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University runs computer-to-PBX interfaces.

Communications are critical in an environment that provides specialized care and programs for patients, gives general medical and surgical care, operates major medical research institutions and offers higher education.

The University of Minnesota campus network integrates voice and data, has a uniform dialing plan, automatic call distribution, voice mail, high-speed local area networks and other services that combine to provide a campus-wide 911 emergency response system, a group alert warning system in the case of disaster and a planned network for off-campus traffic engineering.

The university's telecomm network is entirely digital with the exception of a few analog tie lines. It provides a transparent, uniform five-digit numbering plan to more than 25,000 users across the eight-mile campus. More than 50 T1 lines are dedicated to off-campus communications.

Open architecture

In an effort to serve the diverse and critical needs of the environment, an intelligent link--the Open Application Interface (OAI)--between the PBX and external applications processors has enabled the university to integrate specific applications on its multimedia network.

One of the university's more important applications is a campus-wide emergency 911 system.

Because of the OAI-based campus communications network, anyone on campus can reach the university police, the caller's location is automatically displayed on the dispatch terminal. If the point at which the call originates has been preassigned, the information profile can include the caller's name, location, emergency contacts, medical alerts or other pertinent information as defined by the university. If the call originates from a location with no assigned caller, such as a parking lot emergency phone, the profile will display the physical location of the telephone, allowing for immediate emergency dispatch.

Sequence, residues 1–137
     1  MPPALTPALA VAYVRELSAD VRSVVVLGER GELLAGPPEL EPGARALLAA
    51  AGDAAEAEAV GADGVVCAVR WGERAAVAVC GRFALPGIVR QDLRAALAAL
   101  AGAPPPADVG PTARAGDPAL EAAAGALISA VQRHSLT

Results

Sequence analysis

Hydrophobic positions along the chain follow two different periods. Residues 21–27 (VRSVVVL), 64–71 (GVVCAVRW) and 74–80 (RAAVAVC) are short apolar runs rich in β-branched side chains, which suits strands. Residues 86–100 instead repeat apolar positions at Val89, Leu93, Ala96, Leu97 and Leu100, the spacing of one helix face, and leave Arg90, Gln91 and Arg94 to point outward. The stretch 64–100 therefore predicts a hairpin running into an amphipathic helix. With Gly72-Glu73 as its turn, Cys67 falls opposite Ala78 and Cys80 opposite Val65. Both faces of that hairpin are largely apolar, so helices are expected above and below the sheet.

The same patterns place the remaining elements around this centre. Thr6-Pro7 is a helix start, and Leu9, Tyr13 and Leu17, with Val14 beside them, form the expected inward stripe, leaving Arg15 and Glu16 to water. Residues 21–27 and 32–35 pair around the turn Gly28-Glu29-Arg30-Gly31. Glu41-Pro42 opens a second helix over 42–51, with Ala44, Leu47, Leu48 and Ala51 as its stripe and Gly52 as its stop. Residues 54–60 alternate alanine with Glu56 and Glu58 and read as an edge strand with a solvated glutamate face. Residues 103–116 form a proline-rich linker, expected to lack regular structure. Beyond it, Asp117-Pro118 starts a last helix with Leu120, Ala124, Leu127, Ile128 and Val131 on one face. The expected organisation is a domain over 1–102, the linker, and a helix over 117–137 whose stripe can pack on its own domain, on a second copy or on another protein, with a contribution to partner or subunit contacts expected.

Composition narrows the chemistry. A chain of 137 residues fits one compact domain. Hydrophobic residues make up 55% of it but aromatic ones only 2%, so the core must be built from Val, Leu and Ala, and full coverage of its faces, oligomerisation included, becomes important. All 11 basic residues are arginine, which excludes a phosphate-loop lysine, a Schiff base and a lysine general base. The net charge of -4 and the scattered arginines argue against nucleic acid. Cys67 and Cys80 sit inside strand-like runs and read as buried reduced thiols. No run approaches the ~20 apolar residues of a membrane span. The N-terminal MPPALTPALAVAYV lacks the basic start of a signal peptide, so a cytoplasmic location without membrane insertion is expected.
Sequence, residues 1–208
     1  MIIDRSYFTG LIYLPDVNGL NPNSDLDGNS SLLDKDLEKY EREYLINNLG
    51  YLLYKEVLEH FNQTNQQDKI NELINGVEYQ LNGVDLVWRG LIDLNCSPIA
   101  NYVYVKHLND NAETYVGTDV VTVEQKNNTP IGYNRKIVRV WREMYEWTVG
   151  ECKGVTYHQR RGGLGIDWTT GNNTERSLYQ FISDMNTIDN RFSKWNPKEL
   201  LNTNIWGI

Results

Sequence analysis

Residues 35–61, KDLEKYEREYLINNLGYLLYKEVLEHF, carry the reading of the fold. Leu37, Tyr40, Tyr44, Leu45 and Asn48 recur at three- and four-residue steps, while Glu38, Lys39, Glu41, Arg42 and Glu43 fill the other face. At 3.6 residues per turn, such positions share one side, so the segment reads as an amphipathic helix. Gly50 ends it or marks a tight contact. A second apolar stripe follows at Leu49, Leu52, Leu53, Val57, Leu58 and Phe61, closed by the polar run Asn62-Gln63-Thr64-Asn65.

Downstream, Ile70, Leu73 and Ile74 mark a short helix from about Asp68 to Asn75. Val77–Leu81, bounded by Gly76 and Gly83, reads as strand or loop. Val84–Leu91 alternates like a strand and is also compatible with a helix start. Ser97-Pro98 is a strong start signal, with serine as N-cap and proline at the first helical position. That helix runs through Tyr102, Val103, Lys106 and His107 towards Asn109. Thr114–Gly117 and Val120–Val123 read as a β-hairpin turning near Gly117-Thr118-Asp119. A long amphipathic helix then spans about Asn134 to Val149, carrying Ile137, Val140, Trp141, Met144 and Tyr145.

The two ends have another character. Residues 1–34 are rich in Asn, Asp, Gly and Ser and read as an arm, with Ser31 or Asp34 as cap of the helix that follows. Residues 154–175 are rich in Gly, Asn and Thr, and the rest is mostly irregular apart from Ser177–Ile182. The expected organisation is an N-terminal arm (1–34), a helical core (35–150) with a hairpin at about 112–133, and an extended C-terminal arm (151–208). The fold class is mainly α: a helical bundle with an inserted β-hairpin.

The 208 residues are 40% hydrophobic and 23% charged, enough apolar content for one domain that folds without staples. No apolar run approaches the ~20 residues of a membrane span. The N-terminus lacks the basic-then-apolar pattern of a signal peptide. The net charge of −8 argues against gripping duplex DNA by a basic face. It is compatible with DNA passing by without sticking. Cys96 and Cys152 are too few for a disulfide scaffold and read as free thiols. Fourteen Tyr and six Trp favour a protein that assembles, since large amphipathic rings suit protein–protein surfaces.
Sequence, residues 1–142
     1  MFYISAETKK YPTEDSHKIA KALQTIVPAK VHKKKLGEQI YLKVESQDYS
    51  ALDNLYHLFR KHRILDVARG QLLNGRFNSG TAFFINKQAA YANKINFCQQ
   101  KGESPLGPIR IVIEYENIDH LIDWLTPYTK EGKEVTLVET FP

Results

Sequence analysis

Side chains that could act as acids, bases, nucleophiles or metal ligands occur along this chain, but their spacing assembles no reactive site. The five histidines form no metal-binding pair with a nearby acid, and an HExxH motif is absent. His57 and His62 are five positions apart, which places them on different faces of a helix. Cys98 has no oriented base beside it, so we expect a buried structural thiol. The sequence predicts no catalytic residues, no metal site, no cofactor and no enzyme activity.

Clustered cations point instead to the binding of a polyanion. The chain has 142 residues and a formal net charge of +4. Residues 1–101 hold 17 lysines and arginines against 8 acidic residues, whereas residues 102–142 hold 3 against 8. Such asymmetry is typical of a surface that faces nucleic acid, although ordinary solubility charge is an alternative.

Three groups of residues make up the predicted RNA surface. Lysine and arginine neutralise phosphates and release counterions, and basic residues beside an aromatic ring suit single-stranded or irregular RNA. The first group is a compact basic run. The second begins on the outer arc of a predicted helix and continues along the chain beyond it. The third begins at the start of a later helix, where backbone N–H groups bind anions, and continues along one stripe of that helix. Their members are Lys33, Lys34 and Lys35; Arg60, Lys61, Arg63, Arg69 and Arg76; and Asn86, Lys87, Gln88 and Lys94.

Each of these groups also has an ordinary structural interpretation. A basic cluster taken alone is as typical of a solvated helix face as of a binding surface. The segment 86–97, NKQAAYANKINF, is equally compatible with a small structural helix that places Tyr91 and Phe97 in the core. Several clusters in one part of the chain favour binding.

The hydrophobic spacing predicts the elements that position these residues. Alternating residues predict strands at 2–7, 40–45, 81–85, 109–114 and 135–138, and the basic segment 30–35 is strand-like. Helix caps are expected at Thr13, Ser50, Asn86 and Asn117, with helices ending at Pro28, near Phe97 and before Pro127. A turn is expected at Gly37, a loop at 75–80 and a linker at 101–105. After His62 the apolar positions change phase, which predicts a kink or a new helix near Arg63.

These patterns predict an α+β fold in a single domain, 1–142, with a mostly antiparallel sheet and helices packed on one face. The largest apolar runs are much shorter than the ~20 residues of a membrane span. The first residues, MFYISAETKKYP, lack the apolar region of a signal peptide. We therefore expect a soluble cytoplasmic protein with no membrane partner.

The sophisticated 911 system includes a software program written specifically for the university. The program operates on the university's DEC VAX 6410 system. Async OAI links connect the VAX to InteCom's multimedia network (two IBX S/80+ and one S/80 PBX networked together), which enables the systems to exchange control messages. Connections from the VAX to the display terminals are nailed (logical hardware) via the multimedia network using data modules called asynchronous data interfaces.

The sequence of control messages begins with the multimedia network forwarding the calling party identification (CPID) and the VAX retrieving and displaying the caller or location profile based on the CPID received. Unique CPIDs are maintained across the Twin Cities campus and University Hospital by the multimedia network.

Not only does this simplify and shorten the dispatch process, it provides the physical emergency location with accuracy.

The university's telecomm department routinely monitors activity on the 911 system and the OAI links between the network and the VAX 6410. In addition to handling all 911 calls, the university coordinates services for fire, police or ambulance, which are all transparent to the caller.

The 911 system also provides reports that track and analyze performance and usage information.

Emergency function

The university's multimedia network OAI feature also allows the applications processor to request the network to make call connection to designated stations.

The university's Group Alert application also operates over the VAX 6410 and the multimedia network.